A free license or open license [1] is a license agreement which contains provisions that allow other individuals to reuse another creator's work.

When the work is software, it would be free software if its users have four freedoms [2]:

  • freedom 0. The freedom to run the program for any purpose.
  • freedom 1. The freedom to study how the program works, and change it to make it do what you wish.
  • freedom 2. The freedom to redistribute and make copies so you can help your neighbour.
  • freedom 3. The freedom to improve the program, and release your improvements (and modified versions in general) to the public, so that the whole community benefits.

Without a special license, these uses are normally prohibited by copyright law or commercial license. Most free licenses are worldwide, royalty-free, non-exclusive, and perpetual (see copyright durations). Free licenses are often the basis of crowdsourcing and crowdfunding projects.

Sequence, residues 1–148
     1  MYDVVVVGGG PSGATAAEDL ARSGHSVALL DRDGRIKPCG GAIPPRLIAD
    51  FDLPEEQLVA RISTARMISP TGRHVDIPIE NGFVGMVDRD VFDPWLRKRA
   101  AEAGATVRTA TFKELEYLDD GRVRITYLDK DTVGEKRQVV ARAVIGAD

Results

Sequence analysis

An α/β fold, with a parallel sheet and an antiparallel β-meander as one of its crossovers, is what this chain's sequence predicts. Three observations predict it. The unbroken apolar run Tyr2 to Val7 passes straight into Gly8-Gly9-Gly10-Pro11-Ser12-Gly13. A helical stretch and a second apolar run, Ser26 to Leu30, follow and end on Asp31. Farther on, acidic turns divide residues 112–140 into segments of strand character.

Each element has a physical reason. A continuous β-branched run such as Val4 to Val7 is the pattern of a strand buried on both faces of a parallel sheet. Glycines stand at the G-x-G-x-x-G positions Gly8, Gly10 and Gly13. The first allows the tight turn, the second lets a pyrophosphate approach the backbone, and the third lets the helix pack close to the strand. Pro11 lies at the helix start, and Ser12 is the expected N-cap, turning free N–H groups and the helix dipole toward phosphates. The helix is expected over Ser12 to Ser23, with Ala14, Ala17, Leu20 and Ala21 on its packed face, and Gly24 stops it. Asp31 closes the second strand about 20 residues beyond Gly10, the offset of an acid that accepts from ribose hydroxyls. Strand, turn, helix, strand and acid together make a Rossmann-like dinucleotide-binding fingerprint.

For more information and information about various types of open licenses, see the source of above summary [3], a list of conformant licenses at the Open Knowledge Foundation[4], and the child items of this page.

1. Open Definition 2.1 on opendefinition.org. Retrieved 14 November 2020
2. Free Software Foundation. "What is free software?". Retrieved 14 November 2020.
3. Free license, Wikipedia. Retrieved 14 November 2020.
4. Open Definition: Conformant Licenses, Open Knowledge Foundation. Retrieved 14 November 2020.

The backlinks below usually do not include the child and sibling items, nor the pages in the breadcrumbs.

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